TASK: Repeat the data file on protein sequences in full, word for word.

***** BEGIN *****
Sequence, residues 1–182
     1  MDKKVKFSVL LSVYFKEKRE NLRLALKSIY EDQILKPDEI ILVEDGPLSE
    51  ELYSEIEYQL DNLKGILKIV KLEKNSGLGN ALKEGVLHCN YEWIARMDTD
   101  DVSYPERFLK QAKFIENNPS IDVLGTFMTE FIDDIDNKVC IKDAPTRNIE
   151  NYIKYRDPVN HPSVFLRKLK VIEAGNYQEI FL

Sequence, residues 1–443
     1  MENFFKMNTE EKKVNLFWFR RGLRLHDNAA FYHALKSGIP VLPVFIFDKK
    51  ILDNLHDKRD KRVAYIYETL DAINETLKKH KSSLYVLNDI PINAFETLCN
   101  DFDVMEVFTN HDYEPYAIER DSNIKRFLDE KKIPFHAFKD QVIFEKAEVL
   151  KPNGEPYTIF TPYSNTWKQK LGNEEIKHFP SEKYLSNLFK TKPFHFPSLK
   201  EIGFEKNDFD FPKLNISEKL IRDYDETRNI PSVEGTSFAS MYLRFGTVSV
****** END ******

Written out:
Sequence, residues 1–182
     1  MDKKVKFSVL LSVYFKEKRE NLRLALKSIY EDQILKPDEI ILVEDGPLSE
    51  ELYSEIEYQL DNLKGILKIV KLEKNSGLGN ALKEGVLHCN YEWIARMDTD
   101  DVSYPERFLK QAKFIENNPS IDVLGTFMTE FIDDIDNKVC IKDAPTRNIE
   151  NYIKYRDPVN HPSVFLRKLK VIEAGNYQEI FL

Sequence, residues 1–443
     1  MENFFKMNTE EKKVNLFWFR RGLRLHDNAA FYHALKSGIP VLPVFIFDKK
    51  ILDNLHDKRD KRVAYIYETL DAINETLKKH KSSLYVLNDI PINAFETLCN
   101  DFDVMEVFTN HDYEPYAIER DSNIKRFLDE KKIPFHAFKD QVIFEKAEVL
   151  KPNGEPYTIF TPYSNTWKQK LGNEEIKHFP SEKYLSNLFK TKPFHFPSLK
   201  EIGFEKNDFD FPKLNISEKL IRDYDETRNI PSVEGTSFAS MYLRFGTVSV